jump the shark:
(verb) the moment an area of pop culture (TV or movie series, music or performer) is considered to have passed its peak – referring to a scene in the TV series Happy Days when its popular character, Fonzie, is on water skis and literally jumps over a shark.
Ask anyone who loves Laurel & Hardy: What was the turning point in Stan & Babe’s career? The unanimous answer would be the moment they signed with 20th Century Fox. And, of course, they’d be right – to a point. Because, once that contract was signed, there was no turning back. But the truth is Laurel & Hardy’s films, careers and on-screen personalities were spiralling into decline before they left Roach, and one has to wonder if the downward trend was irreversible.
Now don’t get me wrong. There are things I love about every Roach-produced Laurel & Hardy film, even the ones I’ll seemingly be criticizing shortly. And I’ll be the first to admit the above theory isn’t exactly an original observation. Charles Barr, in his 1967 book Laurel & Hardy, describes Stan & Babe’s final Roach films as: ‘…getting away from the real Laurel and Hardy into a more nebulous ‘gag’ cinema, the kind of comedy which it was their distinction a dozen years earlier to transform from within.’
He’s right. Starting in 1937 or so, Laurel & Hardy start to evolve from likable, not-very-bright but very-real people into broad, slapstick clowns. The Mr. Laurel & Mr. Hardy of, say, "We Faw Down" and the Stan & Ollie of "Saps At Sea" are from two completely different planets.
So what is the exact moment Laurel & Hardy ‘jumped the shark’?
Well, technically, the act of jumping involves hitting a peak. And when you think of all the great moments in Laurel & Hardy-dom, perhaps the greatest is the song-and-dance to ‘At The Ball’ in "Way Out West". For two magnificent minutes, Stan & Babe stop everything to perform a charming musical number, with very obvious rear projection setting the stage.
|Genius and magic collide in this scene from "Way Out West". |
But was this the beginning of the end for Laurel & Hardy?
I think the operative word here is perform. Up until this moment, Stan & Ollie had always been somewhat eccentric innocents in a slightly off-kilter world – not counting the occasional sidetrip to Toyland or neck-twisting, belly-ballooning freak ending. But with "Way Out West" a different tone starts to seep in. ‘White magic’ makes its debut, and the slapstick becomes broader (body parts are stretched and snapped not once, but twice: Stan’s big toe and Ollie’s neck). They are beginning to define themselves as clowns. Yet "Way Out West" is undeniably a Laurel & Hardy film, maybe even their best. Now, however, the jump begins its inevitable descent…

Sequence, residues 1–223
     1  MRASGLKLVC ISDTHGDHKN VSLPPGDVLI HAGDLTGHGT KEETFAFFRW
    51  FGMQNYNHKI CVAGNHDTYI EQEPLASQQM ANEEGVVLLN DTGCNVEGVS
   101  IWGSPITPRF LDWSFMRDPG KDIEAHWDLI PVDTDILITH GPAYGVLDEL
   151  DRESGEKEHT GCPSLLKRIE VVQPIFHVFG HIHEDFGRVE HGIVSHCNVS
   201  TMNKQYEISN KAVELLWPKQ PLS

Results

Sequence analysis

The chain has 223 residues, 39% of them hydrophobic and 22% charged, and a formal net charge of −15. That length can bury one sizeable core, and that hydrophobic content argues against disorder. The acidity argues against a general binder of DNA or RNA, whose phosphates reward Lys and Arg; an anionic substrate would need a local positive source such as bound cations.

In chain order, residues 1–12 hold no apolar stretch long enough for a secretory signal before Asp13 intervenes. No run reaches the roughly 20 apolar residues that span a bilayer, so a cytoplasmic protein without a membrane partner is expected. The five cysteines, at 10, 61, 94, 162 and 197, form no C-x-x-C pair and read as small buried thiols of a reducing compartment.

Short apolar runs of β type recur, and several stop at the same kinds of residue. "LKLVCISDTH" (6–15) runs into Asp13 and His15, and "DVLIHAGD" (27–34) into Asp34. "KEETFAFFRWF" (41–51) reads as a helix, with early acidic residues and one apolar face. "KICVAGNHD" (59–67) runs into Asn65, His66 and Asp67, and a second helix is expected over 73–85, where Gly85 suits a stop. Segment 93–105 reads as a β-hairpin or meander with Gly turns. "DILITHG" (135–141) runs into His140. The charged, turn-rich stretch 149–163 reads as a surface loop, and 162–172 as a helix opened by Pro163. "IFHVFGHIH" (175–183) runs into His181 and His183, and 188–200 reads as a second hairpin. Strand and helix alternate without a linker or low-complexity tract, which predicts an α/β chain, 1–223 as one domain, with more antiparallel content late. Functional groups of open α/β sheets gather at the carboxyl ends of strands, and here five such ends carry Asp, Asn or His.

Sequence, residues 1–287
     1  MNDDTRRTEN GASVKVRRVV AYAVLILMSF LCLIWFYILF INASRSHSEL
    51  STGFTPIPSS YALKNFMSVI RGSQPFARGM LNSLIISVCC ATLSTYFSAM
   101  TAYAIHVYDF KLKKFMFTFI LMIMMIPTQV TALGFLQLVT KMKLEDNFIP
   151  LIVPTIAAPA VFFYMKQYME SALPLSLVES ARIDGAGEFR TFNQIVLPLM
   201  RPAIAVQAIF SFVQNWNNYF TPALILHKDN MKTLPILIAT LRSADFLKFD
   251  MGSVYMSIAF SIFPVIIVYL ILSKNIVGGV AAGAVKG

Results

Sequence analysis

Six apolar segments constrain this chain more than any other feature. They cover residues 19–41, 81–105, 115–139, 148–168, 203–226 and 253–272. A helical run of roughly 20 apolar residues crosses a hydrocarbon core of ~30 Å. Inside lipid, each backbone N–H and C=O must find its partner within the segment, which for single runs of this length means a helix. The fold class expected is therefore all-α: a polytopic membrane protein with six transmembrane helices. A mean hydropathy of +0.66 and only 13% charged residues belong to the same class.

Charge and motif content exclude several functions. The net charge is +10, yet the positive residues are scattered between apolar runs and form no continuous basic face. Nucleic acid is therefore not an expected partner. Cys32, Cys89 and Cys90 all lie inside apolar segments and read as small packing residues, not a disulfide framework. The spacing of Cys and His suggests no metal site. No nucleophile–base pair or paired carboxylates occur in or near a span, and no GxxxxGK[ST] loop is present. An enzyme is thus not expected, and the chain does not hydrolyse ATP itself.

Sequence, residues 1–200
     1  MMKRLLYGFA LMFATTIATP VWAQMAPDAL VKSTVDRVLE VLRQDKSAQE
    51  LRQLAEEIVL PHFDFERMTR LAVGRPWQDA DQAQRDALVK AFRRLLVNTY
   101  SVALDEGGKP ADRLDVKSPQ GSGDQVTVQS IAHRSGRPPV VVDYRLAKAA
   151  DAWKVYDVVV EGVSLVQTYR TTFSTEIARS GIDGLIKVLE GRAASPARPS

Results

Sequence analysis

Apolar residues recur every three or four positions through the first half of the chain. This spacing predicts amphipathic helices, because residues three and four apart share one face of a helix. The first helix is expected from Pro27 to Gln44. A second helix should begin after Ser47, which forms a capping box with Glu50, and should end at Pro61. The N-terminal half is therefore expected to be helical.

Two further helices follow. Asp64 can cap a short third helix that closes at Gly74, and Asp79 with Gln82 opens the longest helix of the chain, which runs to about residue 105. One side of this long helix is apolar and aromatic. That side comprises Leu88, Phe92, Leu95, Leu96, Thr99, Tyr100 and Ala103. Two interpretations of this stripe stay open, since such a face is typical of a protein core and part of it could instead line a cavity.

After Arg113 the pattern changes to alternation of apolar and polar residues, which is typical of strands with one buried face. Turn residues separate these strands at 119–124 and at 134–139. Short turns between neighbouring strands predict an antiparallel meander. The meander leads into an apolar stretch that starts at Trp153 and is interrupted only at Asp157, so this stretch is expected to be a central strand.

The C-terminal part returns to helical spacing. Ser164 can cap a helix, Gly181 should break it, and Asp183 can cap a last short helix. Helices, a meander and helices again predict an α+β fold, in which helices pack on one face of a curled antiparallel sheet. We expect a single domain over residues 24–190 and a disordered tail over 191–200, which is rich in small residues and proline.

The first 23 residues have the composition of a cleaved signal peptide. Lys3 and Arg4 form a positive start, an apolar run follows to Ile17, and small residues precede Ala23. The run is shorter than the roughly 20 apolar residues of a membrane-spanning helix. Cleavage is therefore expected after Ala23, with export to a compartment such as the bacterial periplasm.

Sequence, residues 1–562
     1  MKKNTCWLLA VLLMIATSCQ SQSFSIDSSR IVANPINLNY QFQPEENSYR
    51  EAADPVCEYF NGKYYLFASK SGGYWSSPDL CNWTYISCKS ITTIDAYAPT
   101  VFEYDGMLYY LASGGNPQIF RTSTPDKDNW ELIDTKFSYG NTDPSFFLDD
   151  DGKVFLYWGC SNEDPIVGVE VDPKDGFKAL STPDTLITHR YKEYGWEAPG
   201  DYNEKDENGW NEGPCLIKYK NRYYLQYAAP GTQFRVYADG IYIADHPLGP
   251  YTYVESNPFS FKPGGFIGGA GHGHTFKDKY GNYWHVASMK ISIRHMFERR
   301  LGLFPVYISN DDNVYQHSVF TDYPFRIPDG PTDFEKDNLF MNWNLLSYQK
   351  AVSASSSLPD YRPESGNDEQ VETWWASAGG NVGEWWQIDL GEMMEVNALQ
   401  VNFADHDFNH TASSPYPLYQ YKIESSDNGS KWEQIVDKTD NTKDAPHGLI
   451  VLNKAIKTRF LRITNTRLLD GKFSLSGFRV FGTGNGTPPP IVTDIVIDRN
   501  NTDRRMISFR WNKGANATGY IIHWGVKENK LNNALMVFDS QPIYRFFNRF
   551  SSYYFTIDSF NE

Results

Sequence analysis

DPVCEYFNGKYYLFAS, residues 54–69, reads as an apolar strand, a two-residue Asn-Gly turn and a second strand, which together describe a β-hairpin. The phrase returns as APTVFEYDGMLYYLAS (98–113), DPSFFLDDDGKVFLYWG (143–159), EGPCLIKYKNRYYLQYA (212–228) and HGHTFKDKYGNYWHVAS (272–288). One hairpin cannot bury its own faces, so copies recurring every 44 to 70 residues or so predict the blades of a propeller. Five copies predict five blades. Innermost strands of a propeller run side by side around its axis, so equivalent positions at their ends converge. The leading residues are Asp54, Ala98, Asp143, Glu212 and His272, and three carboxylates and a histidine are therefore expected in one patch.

Next stop, the Alps. And downhill from here.
What happened here? Did Hal Roach commission 20th Century Fox to produce this film for him? Because "Swiss Miss" has all the trademarks of a Fox film, with a slightly larger budget – presenting Stan & Ollie as stupid dolts in comedy unsuited to their characters (when did they become so aggressive??), providing them with unfamiliar, unfunny co-stars and an irritating love interest, and the pièce de résistance: dressing them up in funny costumes. All that’s missing are the gangsters and/or Nazis.
So with one film Laurel & Hardy lose their grip on reality, tossed into a grand, glorious, musical comedy where peasants burst into spontaneous song and gorillas roam the mountains. The boys try to get into the spirit, even sing-songing a few words in rhyme – the remnants of a longer, deleted musical sequence. And while it’s intriguing to think of Stan & Ollie performing (there’s that word again!) in a full-scale production number, that’s really Wheeler & Woolsey’s domain. When Ollie is given the chance to sing in "Swiss Miss", he sings badly. That’s a first.
|Just what everyone wanted: A Big, Lavish, Musical Superfeature!|
Sure, you can blame Roach – "Swiss Miss" was his idea. But the comedy within is strangely…wrong. And you can't necessarily blame Hal for that. Six years earlier in "The Music Box", Stan & Ollie carried a piano up a long flight of stairs. Their obstacles included a disrespectful nursemaid and a pompous professor. They carry a piano in "Swiss Miss", too. To a treehouse. Across a rickety rope bridge. Over a mountain chasm. With a drunken Stan. Where they meet the aforementioned gorilla. Oh, one more thing, there’s supposed to be a bomb in the piano. (A bomb? Yep. Stan shot the footage, Roach cut it out. I know whose side I'm on.) This kind of hey-why-not? gagging is straight out of Sennett – or worse, Larry Semon. Even the uninspired chase finale through the kitchen cupboards was done in three previous Laurel solos. They’ll recover somewhat in their next film, but the delicate balance of their personalities has been tipped.
The Mad Kuku: Block-Heads
"Block-Heads" is generally regarded to be the last of the classic Laurel & Hardy films, and in a lot of ways it is. The first 20 minutes set up Stan & Ollie as inseparable, warm-hearted friends, reunited in one of the finest set pieces ever conceived for them. Ollie mistakenly believes his long-lost pal has lost his leg in the war… a situation that’s not entirely plausible, but definitely possible. It’s perfect old-school Stan & Ollie. But after that? Out come the wacky, ‘white magic’ gags (Stan yanks down a window shade’s shadow. Stan pulls a glass of water – with ice! – from his pants pocket. Stan smokes his fist like a pipe.) – followed by a breakneck remake of "Unaccustomed As We Are". The music cue for this shift in reality is a new Marvin Hatley composition, 'The Mad Kuku'. It’s loud and frenetic, everything that Laurel & Hardy never were but were quickly becoming. Compare the last half of "Block-Heads" to its earlier incarnation. Even though "Unaccustomed As We Are" was the team’s first sound film, it’s "Block-Heads" that’s full of shouting, funny noises, and hyperactive music. Who ever thought Laurel & Hardy could be so loud?